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Dogs, your time off-leash is coming

Two off-leash dog parks planned inside the city of Sandy


by: POST PHOTO: JIM HART - POST PHOTO: JIM HART Chris Corbin walks his dog, Mary, on a leash in Sandy Bluff Park while pushing his daughter, Summer. Sandy dog owners, your time is coming. Hope is not lost.

Sandy residents who have wanted to take their dogs off the leash (at least legally) and let them run will see their hope become reality.

Dog parks are being planned at Meinig and Sandy Bluff parks. All that is needed, initially, is fencing to allow the animals to run free (in confinement).

But to pay for that fencing is not a slam dunk.

Normally, funding would come from the fees charged developers who build homes and add population to the city. The fees are to pay for the development of parks for those new residents.

But since the building balloon popped, said Community Services Director Nancy Enabnit, there hasn’t been much new construction and, therefore, not many fees collected.

A fundraiser is being planned that organizers are calling “Bark for the Park.” The event will occur on Saturday, May 18, and should be a tail-wagging affair.

Enabnit said the committee will be certain to make it a fun event.

Organizing this event during the next two weeks is a committee that includes Carol Cohen, Sarah Richardson, Julie Snell, Stephanie Craven, Kim Yamashita, Enabnit and Sara Reis.

Construction drawings are already done for the area at Meinig Park, which Enabnit says is in the park’s upper area, which has some trees that dogs love.

Some people are already using an area on the west side of Sandy Bluff Park for their dogs, but when they take them off their leash that action is illegal.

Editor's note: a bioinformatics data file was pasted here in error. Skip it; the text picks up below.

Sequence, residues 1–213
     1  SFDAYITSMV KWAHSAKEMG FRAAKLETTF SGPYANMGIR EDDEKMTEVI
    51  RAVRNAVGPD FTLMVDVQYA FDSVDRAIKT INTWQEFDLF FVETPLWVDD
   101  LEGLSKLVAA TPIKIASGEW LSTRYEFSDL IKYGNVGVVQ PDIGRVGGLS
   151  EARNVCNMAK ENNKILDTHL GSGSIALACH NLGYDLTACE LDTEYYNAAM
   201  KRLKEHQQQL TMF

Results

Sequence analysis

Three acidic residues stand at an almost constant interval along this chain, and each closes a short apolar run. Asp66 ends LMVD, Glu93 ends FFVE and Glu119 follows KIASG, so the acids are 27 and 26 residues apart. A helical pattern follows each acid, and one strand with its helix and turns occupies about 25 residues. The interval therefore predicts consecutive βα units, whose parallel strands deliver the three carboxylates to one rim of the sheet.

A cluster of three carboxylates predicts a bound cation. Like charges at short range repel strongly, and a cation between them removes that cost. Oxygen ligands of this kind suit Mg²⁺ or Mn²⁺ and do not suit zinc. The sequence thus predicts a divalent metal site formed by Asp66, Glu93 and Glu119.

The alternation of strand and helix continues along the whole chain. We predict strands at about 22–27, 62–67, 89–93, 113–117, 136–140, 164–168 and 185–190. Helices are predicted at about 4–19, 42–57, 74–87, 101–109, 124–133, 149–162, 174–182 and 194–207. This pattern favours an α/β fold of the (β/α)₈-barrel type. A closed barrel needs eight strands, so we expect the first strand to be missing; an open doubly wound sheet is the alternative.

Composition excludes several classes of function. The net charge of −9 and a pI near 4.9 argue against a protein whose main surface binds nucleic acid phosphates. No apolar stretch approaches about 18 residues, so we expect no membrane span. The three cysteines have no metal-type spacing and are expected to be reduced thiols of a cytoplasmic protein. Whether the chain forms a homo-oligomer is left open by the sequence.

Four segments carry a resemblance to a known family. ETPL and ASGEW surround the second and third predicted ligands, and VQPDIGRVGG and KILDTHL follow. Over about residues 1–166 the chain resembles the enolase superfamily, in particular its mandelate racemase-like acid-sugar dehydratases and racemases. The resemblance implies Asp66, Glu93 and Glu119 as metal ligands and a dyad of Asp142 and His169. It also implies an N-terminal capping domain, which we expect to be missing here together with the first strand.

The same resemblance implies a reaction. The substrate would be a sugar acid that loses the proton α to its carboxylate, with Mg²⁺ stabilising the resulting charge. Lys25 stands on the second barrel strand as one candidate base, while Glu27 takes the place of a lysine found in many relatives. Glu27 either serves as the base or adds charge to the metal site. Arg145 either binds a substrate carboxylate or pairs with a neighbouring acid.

A fence will solve that issue as well as dog owners who put their animal back on a leash whenever an aggressive or larger dog is near.

Following the planning stage, the committee will lack only the money to buy materials and labor to install the fence.

“The main thing we are lacking is the money,” Enabnit said. “All we are going to do (initially) is put up a heavy-gauge, chain-link fence and two gates. The other things usually found in dog parks will be organized by a dog-advocate committee.”

That will require some more fundraising because city funds from home-building fees will first be used to complete projects already started such as Bornstedt Park.

Enabnit said she wants to see the city contribute a “good-faith showing of some money,” but she said it would be minimal compared to the amount needed to fence areas in two city parks.

“We have some memorial (trust) donations in a fund that is collecting interest,” she said. “There is some money, but not nearly enough.”

Enabnit is fairly certain that a dog park is a high priority for a lot of residents.

Returns of the city’s current survey are just starting to come in, but she expects a dog park to be one of the top two needs that local residents will express.